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Document Max. Freq Min. Freq
Rebellion Record: a Diary of American Events: Documents and Narratives, Volume 11. (ed. Frank Moore) 20 0 Browse Search
Frederick H. Dyer, Compendium of the War of the Rebellion: Regimental Histories 8 0 Browse Search
Knight's Mechanical Encyclopedia (ed. Knight) 6 0 Browse Search
George P. Rowell and Company's American Newspaper Directory, containing accurate lists of all the newspapers and periodicals published in the United States and territories, and the dominion of Canada, and British Colonies of North America., together with a description of the towns and cities in which they are published. (ed. George P. Rowell and company) 4 0 Browse Search
Official Records of the Union and Confederate Armies, Chapter XXII: Operations in Kentucky, Tennessee, North Mississippi, North Alabama, and Southwest Virginia. March 4-June 10, 1862., Part II: Correspondence, Orders, and Returns. (ed. Lieut. Col. Robert N. Scott) 2 0 Browse Search
Medford Historical Society Papers, Volume 1. 2 0 Browse Search
The Daily Dispatch: March 8, 1865., [Electronic resource] 2 0 Browse Search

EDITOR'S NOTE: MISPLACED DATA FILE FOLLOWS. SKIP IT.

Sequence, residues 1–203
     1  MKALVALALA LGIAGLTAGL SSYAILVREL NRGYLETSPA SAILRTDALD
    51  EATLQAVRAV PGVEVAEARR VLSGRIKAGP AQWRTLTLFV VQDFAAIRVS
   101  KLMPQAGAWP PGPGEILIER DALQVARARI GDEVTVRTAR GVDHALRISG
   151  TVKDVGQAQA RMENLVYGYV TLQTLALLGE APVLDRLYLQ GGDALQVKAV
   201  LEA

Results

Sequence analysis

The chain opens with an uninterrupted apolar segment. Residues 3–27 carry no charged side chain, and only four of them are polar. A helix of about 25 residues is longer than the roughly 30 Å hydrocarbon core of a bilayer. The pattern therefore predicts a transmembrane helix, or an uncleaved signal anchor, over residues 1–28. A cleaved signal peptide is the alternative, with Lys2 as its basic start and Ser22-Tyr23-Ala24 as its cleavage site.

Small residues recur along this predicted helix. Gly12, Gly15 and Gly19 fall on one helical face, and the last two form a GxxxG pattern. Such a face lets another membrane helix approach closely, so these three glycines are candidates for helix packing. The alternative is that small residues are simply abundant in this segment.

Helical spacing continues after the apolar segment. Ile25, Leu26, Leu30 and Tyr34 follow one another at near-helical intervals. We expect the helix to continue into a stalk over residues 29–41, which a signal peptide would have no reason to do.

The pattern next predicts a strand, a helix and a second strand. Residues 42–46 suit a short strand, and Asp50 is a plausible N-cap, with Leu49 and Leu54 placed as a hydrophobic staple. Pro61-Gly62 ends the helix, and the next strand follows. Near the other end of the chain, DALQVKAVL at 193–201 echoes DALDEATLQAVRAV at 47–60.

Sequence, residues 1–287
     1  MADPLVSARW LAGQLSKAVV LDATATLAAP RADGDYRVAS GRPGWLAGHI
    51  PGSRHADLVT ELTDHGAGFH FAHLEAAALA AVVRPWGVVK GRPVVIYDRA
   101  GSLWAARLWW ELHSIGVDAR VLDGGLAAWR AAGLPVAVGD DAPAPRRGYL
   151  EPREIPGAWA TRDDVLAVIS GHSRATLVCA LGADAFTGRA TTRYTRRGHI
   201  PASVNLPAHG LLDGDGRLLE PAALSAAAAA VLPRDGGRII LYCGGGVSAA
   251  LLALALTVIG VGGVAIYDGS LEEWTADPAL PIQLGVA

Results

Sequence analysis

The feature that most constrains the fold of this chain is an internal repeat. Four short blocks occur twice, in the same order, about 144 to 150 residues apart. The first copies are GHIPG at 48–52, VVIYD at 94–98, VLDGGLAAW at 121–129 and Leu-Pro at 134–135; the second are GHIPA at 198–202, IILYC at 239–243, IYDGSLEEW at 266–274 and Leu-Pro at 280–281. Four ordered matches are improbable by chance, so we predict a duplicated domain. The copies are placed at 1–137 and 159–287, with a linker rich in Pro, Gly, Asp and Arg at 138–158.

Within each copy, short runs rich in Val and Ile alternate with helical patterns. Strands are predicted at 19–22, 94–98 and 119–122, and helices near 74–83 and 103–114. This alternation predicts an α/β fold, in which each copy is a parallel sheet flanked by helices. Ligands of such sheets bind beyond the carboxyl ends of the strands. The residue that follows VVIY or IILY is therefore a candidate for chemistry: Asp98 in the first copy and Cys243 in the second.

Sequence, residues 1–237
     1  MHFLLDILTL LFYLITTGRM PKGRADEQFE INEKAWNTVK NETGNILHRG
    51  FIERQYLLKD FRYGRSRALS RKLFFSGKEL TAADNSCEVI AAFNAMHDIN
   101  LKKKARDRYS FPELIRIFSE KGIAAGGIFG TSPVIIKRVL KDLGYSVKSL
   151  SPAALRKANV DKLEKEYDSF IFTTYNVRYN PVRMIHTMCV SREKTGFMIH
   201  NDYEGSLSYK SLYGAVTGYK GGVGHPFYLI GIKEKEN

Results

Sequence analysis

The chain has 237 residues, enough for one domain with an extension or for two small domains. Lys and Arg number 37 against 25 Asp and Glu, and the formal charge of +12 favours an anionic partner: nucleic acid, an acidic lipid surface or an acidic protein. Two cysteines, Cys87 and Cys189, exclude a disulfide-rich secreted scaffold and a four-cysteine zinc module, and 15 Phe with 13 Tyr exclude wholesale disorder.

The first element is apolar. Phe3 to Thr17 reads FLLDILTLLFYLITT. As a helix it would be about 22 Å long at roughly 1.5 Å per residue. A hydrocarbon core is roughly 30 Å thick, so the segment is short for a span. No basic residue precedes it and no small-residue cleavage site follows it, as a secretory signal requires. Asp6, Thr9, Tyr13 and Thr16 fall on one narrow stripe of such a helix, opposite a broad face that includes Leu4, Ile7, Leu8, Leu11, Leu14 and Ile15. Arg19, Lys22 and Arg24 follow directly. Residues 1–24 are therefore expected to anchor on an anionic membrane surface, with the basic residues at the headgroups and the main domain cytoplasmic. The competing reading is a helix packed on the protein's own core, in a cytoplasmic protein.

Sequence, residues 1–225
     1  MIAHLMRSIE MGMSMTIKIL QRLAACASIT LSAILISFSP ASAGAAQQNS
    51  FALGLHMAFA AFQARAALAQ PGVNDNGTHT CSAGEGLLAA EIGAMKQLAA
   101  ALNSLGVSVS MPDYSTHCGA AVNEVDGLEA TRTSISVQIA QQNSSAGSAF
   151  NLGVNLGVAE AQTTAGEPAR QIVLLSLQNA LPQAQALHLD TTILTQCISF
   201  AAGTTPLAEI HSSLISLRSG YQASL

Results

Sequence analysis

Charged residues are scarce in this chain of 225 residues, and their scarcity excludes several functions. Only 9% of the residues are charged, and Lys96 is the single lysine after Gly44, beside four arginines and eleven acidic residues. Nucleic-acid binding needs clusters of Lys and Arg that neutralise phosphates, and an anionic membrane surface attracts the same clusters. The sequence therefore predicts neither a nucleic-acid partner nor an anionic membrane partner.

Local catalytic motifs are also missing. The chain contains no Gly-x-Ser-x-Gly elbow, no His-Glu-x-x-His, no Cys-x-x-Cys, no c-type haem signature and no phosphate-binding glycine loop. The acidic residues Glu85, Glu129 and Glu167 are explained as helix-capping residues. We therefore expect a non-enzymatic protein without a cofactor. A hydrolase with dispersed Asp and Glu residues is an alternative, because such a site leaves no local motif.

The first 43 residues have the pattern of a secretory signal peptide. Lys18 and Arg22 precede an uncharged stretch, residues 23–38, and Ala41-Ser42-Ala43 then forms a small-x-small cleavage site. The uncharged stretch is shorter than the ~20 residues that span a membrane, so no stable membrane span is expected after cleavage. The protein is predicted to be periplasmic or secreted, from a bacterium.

Daniel Ammen, Confederate Military History, a library of Confederate States Military History: Volume 7.2, The Atlantic Coast (ed. Clement Anselm Evans) 2 2 Browse Search
Emilio, Luis F., History of the Fifty-Fourth Regiment of Massachusetts Volunteer Infantry , 1863-1865 2 0 Browse Search
The Daily Dispatch: January 21, 1861., [Electronic resource] 2 0 Browse Search
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Browsing named entities in Rebellion Record: a Diary of American Events: Documents and Narratives, Volume 6. (ed. Frank Moore). You can also browse the collection for Leighton or search for Leighton in all documents.

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stances was doubtless a military necessity, threw our men into considerable confusion, from which they never recovered. At this juncture Col. Moore, perceiving that it was useless to contend longer against a force so greatly superior to his own, raised the white flag and surrendered. Capt. Ludington, with his company, who had held a position on the opposite side of the camp, continued to fight for some considerable time after the surrender, doing most admirable execution. Company A, Capt. Leighton, was acting as provost-guard of the town, and was surrounded at the beginning by one thousand horsemen, and compelled to surrender, though not before his men had killed five and wounded eight of the rebels, with a loss of only one killed and three wounded. Capt. Collins, with a part of his own and two other companies, was at Gallatin, acting as escort of a wagon-train, and was not in the fight at all. The One Hundred and Sixth Ohio, when the One Hundred and Eighth Ohio fled, was compelle